Mary Delany (1700 – 1788) was an English artist famous for her “paper mosaicks” which she began creating in her widowhood at the age of 71. She made almost a thousand of these detailed and botanically accurate depictions of plants, for which she became famous in her time, partly due to the support of King George III and Queen Charlotte for her work. In this particular series I wanted to depict the sorts of plants that might grow in the winter garden of an English lady such as Mary Delany.
To create these photographs I have used a camera-less technique that I have developed using the scanner attached to my computer. The way the scanner lights the objects placed on it creating a luminous effect, combined with the black backdrop, reminds me of Mary Delany’s paper collages. Using a camera-less technique also echoes the methods used for the very first botanical photographs that were taken in the early 19th century, such as the cyanotype photogram.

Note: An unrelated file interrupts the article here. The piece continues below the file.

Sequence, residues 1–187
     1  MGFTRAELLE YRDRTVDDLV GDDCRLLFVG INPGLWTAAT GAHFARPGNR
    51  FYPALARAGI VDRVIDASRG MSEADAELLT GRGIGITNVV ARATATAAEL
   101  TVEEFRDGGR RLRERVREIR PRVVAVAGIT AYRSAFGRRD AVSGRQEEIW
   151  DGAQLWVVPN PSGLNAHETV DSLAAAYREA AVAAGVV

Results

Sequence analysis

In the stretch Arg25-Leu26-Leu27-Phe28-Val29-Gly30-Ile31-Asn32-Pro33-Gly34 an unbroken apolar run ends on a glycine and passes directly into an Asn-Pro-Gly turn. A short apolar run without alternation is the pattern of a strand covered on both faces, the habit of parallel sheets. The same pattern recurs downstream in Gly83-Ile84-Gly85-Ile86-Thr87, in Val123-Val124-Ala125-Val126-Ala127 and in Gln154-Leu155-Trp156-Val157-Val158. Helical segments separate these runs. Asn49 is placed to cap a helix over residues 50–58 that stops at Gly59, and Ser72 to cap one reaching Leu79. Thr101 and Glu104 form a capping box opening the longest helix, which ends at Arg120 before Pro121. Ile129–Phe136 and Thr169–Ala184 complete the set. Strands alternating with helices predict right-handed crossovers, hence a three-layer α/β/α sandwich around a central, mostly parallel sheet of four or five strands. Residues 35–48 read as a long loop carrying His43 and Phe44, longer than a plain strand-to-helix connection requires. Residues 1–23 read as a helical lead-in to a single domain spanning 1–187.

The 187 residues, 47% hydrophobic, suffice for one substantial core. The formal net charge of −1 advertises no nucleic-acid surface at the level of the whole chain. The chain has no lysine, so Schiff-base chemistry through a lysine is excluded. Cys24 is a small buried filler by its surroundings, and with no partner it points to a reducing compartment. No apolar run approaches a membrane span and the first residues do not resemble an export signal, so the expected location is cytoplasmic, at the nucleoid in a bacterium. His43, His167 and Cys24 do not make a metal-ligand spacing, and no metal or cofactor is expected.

The lighting effect of the scanner means that very little light enhancement post-production is required in my photographs. I have some control over their composition; which I employ in the way I place the plants on the scanner bed, and by digitally cutting and re-placing certain elements of the plant post-production – such as the petal falling in the photograph of the Crocus for example. This way, I am able to create a botanically accurate, yet stylised final image of the plant.
Giclée prints on Hahnemühle Photo Rag
Editions of 4 plus one artist proof
Galanthus nivalis 11.69 x 16.53 in.
Crocus 11.69 x 16.53 in.
Vinca minor 11.69 x 16.53 in.
Cyclamen coum 11.69 x 16.53 in.
Viola 11.69 x 16.53 in.
Helleborus × hybridus 11.69 x 16.53 in.
This series received a silver-gilt medal at RHS Art and Photography Awards, 2019